At the time, our generation was trying to be at the top level in all styles of climbing, in some styles we were the ones who were pushing the limits. Where are we today? At least for Patagonia, I can say, that we are not ‘top level’ anymore.

ClimbIstria: Project OSP started mass-re-bolting Osp and other nearby climbing areas, for which they get the biggest thanks. I agree with their thinking that climbing must be safe. But still, the meaning of ‘safe’ and ‘scary’ are often mixed up and here we have a problem I think. I totally agree that easier routes (up to 6a must be bolted really close and prevent a ground fall). Also harder ones, definitely. But, you have a 30-meter long 7b re-bolted with 16 bolts (Pika Poka in the big cave of Osp) and then to the right, still not re-bolted, Try (7b) with 8 bolts, that’s totally safe. In Pikapoka, in a higher, easier part of the route you can clip the upper and the lower bolt from the same position all the time, this is not cool. They are paid by the bolt and so sometimes some bolts are being added without any reason. The opinion of the bolters is not respected – first ascent-makers are not even being asked. What do you think?

BTW: Mitja Bizjak comment: If in Italy, you move one bolt without asking the first ascensionist, you get a slap in your face immediately.

Silvo Karo: In the UK, they would hang you on your balls. 🙂 When I’ve heard about Projekt OSP, I said: “Cool, good idea.” But, when they started re-bolting everywhere and changing almost new inox bolts with glue-ins, then I started thinking. What they have done especially in Črni kal, Osp and Mišja peč, seems like throwing money out of the window. I don’t know how it is in other Slovenian crags, but I know the situation here really well, as it is my local crag, I am a regular guest and I did lots of routes here. In Mišja peč I did around 20 of them and we also did a couple of cleaning actions with the local climbers.

Firstly, I haven’t given any approval to re-bolt my routes, neither was I asked about it. They got approval for re-bolting routes (Uscana Zofka (6c), Almina (7a+) Skriti zaklad (7b+) and Banje (7b), there were still bolts made of corrosion steel. But I have told them to put the bolts in the same places, I even marked them where. Sadly, that was not always respected. With this re-bolting they have taken away the character of the route and messed with its authority. Also, I would expect to get the old, but still good plates back, as they were all mine. I’ve had zero!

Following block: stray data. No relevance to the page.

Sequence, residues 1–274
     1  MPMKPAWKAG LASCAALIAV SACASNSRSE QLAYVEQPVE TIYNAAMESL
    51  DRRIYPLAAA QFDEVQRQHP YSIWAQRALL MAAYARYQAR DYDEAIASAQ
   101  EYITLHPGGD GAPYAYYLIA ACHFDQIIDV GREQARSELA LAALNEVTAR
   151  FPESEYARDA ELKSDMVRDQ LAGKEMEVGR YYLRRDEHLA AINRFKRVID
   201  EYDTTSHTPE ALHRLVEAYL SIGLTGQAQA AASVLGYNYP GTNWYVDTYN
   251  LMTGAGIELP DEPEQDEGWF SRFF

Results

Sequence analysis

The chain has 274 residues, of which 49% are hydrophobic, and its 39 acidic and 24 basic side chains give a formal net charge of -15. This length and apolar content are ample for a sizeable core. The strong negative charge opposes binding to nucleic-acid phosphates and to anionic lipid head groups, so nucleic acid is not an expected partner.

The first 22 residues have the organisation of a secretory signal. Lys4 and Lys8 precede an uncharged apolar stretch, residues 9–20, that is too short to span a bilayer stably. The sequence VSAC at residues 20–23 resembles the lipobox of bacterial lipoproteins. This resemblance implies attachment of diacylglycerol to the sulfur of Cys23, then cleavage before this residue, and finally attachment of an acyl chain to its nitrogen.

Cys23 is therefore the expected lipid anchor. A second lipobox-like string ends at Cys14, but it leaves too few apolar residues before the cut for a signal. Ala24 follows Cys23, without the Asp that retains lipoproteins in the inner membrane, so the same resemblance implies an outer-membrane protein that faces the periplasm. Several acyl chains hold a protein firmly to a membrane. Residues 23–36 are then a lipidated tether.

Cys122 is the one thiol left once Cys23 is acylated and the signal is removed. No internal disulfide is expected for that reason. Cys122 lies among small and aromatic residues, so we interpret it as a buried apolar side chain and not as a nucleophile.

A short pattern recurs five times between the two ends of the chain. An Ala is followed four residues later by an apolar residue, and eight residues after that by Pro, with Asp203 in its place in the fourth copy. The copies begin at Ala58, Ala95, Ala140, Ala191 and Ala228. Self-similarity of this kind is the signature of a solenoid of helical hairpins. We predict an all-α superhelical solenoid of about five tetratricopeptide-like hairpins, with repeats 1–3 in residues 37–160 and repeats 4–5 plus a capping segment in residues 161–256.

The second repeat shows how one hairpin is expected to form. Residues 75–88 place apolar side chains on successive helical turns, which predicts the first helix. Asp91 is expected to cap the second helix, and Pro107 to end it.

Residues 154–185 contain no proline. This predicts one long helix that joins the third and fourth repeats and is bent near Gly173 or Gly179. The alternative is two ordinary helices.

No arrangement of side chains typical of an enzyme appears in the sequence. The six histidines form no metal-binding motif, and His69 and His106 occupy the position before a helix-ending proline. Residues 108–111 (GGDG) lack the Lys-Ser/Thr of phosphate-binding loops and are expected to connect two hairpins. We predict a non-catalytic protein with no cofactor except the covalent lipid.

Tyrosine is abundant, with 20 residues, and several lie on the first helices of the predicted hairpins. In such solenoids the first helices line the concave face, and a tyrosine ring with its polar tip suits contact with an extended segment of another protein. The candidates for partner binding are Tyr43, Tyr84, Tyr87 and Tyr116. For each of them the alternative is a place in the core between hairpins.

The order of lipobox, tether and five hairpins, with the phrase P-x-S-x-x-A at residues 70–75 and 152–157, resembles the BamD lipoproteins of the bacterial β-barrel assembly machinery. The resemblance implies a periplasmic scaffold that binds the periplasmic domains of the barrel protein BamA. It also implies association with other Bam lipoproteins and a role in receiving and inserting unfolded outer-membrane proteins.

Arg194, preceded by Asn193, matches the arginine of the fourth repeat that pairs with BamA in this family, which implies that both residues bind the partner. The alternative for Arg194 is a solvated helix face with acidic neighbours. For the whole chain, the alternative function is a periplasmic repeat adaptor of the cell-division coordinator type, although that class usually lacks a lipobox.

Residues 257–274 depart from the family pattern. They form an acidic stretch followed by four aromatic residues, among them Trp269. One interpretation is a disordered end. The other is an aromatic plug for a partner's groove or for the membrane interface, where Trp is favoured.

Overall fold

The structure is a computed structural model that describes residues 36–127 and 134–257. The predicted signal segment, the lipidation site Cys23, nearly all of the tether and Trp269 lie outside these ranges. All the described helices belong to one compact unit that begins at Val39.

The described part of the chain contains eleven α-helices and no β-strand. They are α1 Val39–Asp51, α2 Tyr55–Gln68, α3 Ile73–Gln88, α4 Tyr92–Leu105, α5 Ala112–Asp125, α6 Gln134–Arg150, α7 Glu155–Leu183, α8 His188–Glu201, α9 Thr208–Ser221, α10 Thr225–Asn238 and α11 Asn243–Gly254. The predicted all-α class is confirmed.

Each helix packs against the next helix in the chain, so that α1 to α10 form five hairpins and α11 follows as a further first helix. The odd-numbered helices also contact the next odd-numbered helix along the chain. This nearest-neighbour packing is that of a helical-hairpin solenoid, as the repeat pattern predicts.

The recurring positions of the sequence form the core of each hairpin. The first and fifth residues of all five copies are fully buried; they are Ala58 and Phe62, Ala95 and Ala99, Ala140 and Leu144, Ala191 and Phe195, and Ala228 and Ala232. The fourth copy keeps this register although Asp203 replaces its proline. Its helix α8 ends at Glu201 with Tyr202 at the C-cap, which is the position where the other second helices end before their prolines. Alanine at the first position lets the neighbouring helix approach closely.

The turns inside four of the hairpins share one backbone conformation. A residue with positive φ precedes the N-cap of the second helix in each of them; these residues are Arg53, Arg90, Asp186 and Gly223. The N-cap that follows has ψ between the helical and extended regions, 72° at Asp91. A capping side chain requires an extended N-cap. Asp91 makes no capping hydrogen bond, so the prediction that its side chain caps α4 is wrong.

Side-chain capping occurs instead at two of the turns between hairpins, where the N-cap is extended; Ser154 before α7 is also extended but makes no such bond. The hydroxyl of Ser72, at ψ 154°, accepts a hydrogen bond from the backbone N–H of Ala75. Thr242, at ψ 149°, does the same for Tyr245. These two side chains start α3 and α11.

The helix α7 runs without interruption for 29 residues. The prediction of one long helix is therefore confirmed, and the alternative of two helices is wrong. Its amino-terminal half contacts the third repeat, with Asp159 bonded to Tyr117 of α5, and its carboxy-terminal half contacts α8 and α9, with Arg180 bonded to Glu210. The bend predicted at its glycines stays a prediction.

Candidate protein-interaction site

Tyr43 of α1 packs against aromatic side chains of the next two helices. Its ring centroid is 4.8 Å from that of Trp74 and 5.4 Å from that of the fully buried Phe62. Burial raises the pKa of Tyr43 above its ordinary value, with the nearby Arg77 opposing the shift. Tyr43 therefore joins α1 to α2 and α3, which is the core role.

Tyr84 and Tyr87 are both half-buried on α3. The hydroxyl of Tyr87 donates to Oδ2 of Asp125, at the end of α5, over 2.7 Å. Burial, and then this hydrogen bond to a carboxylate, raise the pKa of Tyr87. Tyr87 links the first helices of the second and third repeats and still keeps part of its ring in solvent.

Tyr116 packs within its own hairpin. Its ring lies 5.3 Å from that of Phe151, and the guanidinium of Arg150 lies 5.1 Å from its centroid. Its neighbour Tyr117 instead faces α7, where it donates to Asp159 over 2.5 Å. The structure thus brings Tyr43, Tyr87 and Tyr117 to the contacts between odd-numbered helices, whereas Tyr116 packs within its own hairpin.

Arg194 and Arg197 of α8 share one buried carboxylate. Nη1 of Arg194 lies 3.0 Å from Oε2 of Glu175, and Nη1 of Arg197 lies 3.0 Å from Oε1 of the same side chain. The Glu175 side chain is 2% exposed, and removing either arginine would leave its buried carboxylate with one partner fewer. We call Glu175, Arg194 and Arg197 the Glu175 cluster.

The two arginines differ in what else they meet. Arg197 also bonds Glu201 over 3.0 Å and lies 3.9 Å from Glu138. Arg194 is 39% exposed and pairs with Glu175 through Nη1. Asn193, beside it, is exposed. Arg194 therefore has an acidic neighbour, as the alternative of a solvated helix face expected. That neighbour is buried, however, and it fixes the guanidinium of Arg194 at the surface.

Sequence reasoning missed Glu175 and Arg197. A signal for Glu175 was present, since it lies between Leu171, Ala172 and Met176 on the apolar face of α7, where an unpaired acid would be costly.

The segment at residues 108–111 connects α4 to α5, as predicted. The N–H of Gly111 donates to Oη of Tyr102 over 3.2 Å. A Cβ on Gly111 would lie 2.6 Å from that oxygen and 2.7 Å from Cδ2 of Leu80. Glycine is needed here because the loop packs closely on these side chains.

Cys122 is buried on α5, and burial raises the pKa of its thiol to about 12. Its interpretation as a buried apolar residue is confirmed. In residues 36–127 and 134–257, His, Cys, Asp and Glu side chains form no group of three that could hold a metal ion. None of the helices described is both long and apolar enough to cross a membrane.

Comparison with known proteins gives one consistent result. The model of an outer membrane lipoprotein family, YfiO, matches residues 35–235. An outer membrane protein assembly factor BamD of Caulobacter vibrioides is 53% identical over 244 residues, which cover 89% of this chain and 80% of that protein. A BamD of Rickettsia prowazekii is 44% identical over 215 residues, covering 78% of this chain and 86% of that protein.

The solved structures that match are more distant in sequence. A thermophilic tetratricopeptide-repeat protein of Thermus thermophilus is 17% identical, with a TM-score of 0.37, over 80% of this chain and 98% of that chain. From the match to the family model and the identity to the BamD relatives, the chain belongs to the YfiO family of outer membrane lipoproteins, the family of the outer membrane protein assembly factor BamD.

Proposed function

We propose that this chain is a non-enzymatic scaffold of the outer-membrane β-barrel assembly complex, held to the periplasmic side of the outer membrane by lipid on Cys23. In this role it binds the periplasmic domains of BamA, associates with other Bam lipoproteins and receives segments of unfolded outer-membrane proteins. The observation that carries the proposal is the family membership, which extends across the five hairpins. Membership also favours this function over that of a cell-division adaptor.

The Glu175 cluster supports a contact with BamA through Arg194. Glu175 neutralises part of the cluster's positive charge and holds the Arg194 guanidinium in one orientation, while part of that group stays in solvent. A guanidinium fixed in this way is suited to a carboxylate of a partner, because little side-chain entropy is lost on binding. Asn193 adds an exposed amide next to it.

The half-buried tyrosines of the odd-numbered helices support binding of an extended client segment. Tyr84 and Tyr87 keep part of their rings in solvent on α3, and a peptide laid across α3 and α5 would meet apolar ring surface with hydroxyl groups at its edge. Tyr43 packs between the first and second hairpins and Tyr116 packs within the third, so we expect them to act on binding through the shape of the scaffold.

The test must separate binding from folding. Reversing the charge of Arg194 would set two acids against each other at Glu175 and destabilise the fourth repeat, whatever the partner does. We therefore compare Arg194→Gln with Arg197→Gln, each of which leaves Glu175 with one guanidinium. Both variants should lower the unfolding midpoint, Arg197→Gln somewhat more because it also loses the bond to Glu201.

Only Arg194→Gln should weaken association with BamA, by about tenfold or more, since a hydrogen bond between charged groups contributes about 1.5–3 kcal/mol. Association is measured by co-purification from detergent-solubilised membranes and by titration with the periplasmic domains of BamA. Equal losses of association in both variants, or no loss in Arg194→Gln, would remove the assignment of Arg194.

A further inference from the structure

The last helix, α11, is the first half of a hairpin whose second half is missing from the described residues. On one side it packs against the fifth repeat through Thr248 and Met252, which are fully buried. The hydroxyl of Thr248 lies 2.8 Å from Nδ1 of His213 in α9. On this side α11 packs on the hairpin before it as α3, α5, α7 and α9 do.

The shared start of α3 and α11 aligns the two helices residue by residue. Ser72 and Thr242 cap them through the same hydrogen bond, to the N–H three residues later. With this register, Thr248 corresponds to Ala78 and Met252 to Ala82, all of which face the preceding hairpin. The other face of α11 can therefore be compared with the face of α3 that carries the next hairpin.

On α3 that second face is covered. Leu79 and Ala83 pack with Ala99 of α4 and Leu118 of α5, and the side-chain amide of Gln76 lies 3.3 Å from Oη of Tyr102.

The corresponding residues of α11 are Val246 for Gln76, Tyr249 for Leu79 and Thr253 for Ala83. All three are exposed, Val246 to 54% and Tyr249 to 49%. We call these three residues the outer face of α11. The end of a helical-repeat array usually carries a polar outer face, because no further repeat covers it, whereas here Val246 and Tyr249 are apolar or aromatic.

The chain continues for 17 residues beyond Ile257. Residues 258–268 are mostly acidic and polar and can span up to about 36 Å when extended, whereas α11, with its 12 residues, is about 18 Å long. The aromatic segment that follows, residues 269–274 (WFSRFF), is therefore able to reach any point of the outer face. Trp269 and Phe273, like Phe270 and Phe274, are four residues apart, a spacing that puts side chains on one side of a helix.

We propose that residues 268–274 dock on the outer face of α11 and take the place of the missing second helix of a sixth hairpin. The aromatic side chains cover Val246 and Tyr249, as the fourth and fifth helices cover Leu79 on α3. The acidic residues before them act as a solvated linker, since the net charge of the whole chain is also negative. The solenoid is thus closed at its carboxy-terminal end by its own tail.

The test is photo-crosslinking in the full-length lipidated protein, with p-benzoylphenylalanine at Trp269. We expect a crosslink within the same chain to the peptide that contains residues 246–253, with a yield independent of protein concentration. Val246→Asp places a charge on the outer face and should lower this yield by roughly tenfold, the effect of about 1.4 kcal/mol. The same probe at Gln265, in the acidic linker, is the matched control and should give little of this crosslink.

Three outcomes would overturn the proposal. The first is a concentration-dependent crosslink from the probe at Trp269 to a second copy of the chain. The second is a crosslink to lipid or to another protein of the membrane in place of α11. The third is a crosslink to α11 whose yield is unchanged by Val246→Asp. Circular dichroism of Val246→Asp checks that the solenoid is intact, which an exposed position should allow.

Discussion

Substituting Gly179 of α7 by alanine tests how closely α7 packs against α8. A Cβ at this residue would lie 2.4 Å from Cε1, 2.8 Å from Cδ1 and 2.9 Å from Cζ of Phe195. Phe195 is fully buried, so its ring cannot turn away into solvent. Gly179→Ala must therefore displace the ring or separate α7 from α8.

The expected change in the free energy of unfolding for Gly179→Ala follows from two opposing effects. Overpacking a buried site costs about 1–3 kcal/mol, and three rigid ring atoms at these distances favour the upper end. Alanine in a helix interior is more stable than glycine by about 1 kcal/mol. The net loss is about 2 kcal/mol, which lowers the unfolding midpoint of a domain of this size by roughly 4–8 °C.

Aesthetically speaking, their unfinished business is not nice to see. You can see the remains of the bolts and where it is not inox, there are brown corrosion spots on the walls. Old bolts should be removed, cut and the holes filled with sika glue.

I am asking myself what is the point of this senseless bolting? You have routes that need to be re-bolted and haven’t even been touched. They have re-bolted the easiest ones to work on them and as they were paid by bolt, they were not saving bolts as the first-ascensionists did.

My point of view is that it would make much more sense, and be more economical, if the routes were re-bolted by the authors or by local climbers, as they know the routes the best and would re-bolt only what is necessary . Some popular routes really need re-bolting. And then someone re-bolts my route X, which almost nobody climbs. When I did it, I said that I will pay a pack of beers to everybody who onsights it. It is a very technical 7a slab. I haven’t seen a climber on it and they have re-bolted it. Not far away, you have Črni kal populars, like Konec Raja (6a+) and Poletje odhaja (6b) which need re-bolting. At the very least, the anchors should be changed.

It is interesting that in all those years nobody asked me for my point of view, maybe some suggestions or ideas… I would help them with pleasure, and they would even save some money by not adding bolts where they’re not needed at all. Maybe the joke is in the amount of money spent? I don’t know. If I am not wrong, there were 15,000 Euros spent for re-bolting from the Koper municipality alone.

Not to be blamed are good bolters, who work in their local areas with heart and good intentions, who hopefully don’t make these primary school mistakes.

Some people were criticizing Betka Galičič years ago, who was kind of responsible for re-bolting before Projekt OSP. I was also critical about her putting in a bolt too many sometimes. But when you see some Projekt OSP creations, you can easily say that Betka was a master.

ClimbIstria: Silvo, thank you for your time and thoughts and I hope to bump into you on the rocks of Istria soon!